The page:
How Much Will a Thanksgiving Meal Cost This Year?

It will cost more to feast on turkey, ham and mashed potatoes at this year’s Thanksgiving dinner.

According to the American Farm Bureau Federation (AFBF), the typical Thanksgiving dinner includes the staples of a 16-pound turkey, a gallon of milk, potatoes, ham and buns.

United States Department of Agriculture (USDA) data (pdf) show that an 8- to 16-pound turkey costs $1.99 per pound, up from $1.15 a year ago. This corresponds to an increase of almost 75 percent.

Boneless ham is up 13.6 percent to $5,504 a pound since September 2021, Data from the Bureau of Labor Statistics (BLS). White potatoes are up 27.7 percent to $1,019 a pound, while white bread is up 10.7 percent to $1,749 a pound. A gallon of fresh whole milk rose 16.6 percent to $4,181.

The large selection of different ingredients also has elevated at a notable rate over the last year, including butter (26.6 percent), flour (24.4 percent), spices and condiments (13.8 percent), sugar (17.1 percent), sauces and sauces (16.3 percent) and coffee (15.7 percent). .

Overall, food prices have skyrocketed over the past year, with the BLS Food Index rising at an annualized rate of 11.2 percent. Grocery prices rose 13 percent year-on-year in September, while the cost of dining out rose 8.5 percent compared to the same time a year ago.

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Epoch Times photo
People shop at a grocery store in New York City on May 31, 2022. (Samira Bouaou/The Epoch Times)

In recent years, soaring food prices have been driven by a variety of factors, including unstable weather conditions in key growing areas, the conflict between Ukraine and Russia, rising energy prices and labor costs, and bird flu.

bird flu

The ongoing bird outbreak has impacted the price and supply of turkey, chicken and eggs. Highly pathogenic avian influenza virus (HPAI) usually occurs in the colder months, but commercial turkey producers struggled with avian influenza in July. This is the time when farmers start raising herds for the upcoming holiday season.

So far this year, nearly 48 million birds have been affected, with the flu being detected in 42 states. The only way to limit the spread is to kill entire flocks, which consist of approximately 15,000 birds.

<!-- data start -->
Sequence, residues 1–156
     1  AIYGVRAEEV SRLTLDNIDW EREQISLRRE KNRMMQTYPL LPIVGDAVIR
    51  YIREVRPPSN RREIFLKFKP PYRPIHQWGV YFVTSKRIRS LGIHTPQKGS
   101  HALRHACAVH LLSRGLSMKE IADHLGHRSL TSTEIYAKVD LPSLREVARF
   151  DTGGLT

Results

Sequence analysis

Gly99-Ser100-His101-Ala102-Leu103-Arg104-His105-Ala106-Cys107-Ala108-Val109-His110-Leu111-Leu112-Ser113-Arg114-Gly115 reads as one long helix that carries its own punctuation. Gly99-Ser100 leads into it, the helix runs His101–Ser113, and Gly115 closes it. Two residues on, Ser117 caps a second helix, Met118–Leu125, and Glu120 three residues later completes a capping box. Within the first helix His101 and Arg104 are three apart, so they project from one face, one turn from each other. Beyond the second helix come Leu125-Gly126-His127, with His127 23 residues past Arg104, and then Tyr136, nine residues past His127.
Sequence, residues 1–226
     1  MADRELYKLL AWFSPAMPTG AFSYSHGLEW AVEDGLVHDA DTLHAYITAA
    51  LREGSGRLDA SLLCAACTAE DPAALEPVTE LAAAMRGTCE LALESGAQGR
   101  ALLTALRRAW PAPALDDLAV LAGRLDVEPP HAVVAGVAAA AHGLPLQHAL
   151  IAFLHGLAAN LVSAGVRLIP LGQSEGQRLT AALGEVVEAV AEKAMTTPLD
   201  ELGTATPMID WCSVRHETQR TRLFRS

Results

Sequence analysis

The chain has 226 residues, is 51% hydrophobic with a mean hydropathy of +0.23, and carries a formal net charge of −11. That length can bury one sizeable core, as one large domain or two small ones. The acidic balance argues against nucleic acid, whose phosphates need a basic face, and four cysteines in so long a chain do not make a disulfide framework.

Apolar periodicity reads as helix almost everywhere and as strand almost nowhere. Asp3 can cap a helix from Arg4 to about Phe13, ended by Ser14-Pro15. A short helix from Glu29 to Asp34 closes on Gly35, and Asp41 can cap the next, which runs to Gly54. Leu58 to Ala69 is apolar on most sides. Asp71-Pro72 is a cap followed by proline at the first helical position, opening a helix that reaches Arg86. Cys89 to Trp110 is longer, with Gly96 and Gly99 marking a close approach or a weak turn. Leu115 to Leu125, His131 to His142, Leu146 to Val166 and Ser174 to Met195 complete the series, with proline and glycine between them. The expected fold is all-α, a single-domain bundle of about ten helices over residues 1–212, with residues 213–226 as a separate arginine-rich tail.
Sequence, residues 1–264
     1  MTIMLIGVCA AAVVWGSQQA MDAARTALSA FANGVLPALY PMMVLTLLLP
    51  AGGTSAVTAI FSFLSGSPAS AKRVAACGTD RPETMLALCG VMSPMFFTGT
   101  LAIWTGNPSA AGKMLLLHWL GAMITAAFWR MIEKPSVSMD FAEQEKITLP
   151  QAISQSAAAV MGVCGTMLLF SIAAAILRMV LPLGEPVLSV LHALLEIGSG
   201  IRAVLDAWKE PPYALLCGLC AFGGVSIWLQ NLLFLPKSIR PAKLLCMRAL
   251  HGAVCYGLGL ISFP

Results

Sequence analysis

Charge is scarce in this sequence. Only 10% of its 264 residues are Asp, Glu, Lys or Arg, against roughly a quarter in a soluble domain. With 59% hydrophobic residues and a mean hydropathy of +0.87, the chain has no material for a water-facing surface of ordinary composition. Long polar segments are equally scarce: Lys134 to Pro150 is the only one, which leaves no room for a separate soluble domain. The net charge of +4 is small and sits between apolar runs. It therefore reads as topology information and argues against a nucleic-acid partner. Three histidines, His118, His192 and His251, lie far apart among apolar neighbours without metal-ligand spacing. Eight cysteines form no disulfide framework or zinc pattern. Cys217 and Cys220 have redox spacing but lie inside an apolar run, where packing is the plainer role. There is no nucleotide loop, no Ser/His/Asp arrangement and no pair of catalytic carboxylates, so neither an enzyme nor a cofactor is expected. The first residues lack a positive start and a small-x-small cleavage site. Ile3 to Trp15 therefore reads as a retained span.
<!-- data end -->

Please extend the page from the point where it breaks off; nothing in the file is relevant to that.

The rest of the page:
The topic is not only widespread in the USA. Large numbers of bird flu cases are reported in Canada, Mexico, the United Kingdom and the European Union. Millions of birds have been killed as a result.

Experts claim that transmission has increased immensely in the last year and the disease is spreading to mammals at a faster rate. Scientists aren’t sure why the outbreak is intensifying, but some theories argue that mutations have meant the virus has infected a variety of bird species and that the mutations have allowed the virus to replicate.

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“We all feel the pain of higher grocery prices,” AFBF President Zippy Duvall said in one expression. “HPAI outbreaks in the spring and a spike in cases in the fall are taking their toll, but farmers remain committed to ensuring America’s food supply remains strong.”

Another aspect was the remarkable increase of 8.1 percent compared to the previous year Turkey feed prices. Added to this are the rising energy, fertilizer and labor costs that farmers are facing.

The latest from the USDA Income forecast for the agricultural sector expects record total production costs, soaring nearly 18 percent from 2021 to $437.4 billion this year.

Can Americans afford Thanksgiving?

With annual inflation above 8 percent, real (inflation-adjusted) wage growth still in negative territory, and consumers who have used up their pandemic-era savings, can Americans afford Thanksgiving this year?

According to a recent Personal Capital opinion pollA quarter of Americans plan to skip Thanksgiving dinner this year to save money.

Others are adapting their Thanksgiving to the rising cost of living. The poll found that more than a third of Americans would have smaller dinners, while 88 percent say they will eliminate at least one dish from the dinner table. Another quarter of consumers are budgeting up to $100 for their 2022 Thanksgiving dinner.

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“As the holidays draw closer and food prices continue to rise, this year’s food-focused celebrations may require an additional focus on finances. Some hosts tighten their budgets by trimming the guest list, editing the menu, or asking for input. Others skip the vacation altogether,” the report said. “Whether you decide to skip the celebrations or join the party, remember what the holidays are about: being together. No matter what you celebrate, holidays are a time to be with those you care about and refocus your life on what matters most to you — and no amount of inflation can take that out of the budget. ”

With the national median price of a gallon of gas again approaching $4, visiting family at Thanksgiving could also be an exorbitant trip, adding to the growing cost of Thanksgiving.

Andrew Moran


Andrew Moran has been writing about business, economics and finance for more than a decade. He is the author of The War on Cash.


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